127 articles from TUESDAY 3.5.2022

In poplars, two plant hormones boost each other in defense against pathogenic fungi

In contrast to previous assumptions, the defense hormones salicylic acid and jasmonic acid do not always suppress each other in regulating plant chemical defenses against pests and pathogens. In trees, the interplay of both hormones can actually increase plant resistance. This is the conclusion researchers from the Max Planck Institute for Chemical Ecology draw in a new study on poplars, published...

NASA's Mars Helicopter scouts ridgeline for Perseverance science team

NASA's Ingenuity Mars Helicopter recently surveyed an intriguing ridgeline near the ancient river delta in Jezero Crater. The images—captured on April 23, during the tiny helicopter's 27th flight—were taken at the request of the Perseverance Mars rover science team, which wanted a closer look at the sloping outcrop.

Study develops framework for forecasting contribution of snowpack to flood risk during winter storms

In the Sierra Nevada, midwinter "rain-on-snow" events occur when rain falls onto existing snowpack, and have resulted in some of the region's biggest and most damaging floods. Rain-on-snow events are projected to increase in size and frequency in the coming years, but little guidance exists for water resource managers on how to mitigate flood risk during times of rapidly changing snowpack. Their...

Experiments measure freezing point of extraterrestrial oceans to aid search for life

Researchers from the University of Washington and the University of California, Berkeley have conducted experiments that measured the physical limits for the existence of liquid water in icy extraterrestrial worlds. This blend of geoscience and engineering was done to aid in the search for extraterrestrial life and the upcoming robotic exploration of oceans on moons of other planets.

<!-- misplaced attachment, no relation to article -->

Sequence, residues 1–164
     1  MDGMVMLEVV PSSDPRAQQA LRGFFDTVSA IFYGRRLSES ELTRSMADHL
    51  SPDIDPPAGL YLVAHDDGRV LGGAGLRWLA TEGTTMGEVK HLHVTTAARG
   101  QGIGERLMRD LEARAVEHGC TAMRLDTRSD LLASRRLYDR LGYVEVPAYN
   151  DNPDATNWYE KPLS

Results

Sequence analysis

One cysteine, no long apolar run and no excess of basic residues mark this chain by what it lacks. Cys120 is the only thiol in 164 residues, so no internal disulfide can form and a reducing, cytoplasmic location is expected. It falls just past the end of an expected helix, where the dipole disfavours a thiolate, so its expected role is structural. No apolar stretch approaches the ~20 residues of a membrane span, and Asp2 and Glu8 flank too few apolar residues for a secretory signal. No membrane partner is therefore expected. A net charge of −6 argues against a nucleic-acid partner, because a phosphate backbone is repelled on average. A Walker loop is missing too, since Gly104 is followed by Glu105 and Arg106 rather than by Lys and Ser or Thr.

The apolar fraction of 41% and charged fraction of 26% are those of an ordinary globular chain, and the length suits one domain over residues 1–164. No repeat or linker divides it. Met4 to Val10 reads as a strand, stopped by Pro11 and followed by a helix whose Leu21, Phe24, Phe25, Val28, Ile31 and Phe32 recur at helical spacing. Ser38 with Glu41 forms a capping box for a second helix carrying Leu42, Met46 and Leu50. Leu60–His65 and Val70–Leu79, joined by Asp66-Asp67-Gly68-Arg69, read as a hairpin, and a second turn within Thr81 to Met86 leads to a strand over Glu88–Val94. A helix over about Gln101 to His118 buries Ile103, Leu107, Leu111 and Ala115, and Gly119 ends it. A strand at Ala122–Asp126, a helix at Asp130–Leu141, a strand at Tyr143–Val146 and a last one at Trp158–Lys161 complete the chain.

New research demonstrates cognitive training improves student learning

New research from Center for BrainHealth at The University of Texas at Dallas demonstrates that professional development with a focus on neuroscience equips teachers with the tools and confidence to reduce learning gaps in eighth grade students, as measured by State of Texas Assessment of Academic Readiness (STAAR) performance.

New dung beetle species on Australian soil

The Dung Beetle Ecosystem Engineer (DBEE) project reached a major milestone last month—the arrival of a new dung beetle species, Gymnopleurus sturmi, on Australian shores. It is the third and final dung beetle species imported to Australia as part of the DBEE project.

Seashell-inspired sugar shield protects materials in hostile environments

Word of an extraordinarily inexpensive material, lightweight enough to protect satellites against debris in the cold of outer space, cohesive enough to strengthen the walls of pressurized vessels experiencing average conditions on Earth and yet heat-resistant enough at 1,500 degrees Celsius or 2,732 degrees Fahrenheit to shield instruments against flying debris, raises the question: what single...

'Tax haven' companies may be less risky than investors think

Companies incorporated in tax havens are often considered more opaque regarding their finances, which could make them risky investments. But a recent study from North Carolina State University finds that many of these companies are actually more transparent than their counterparts in countries that are not tax havens.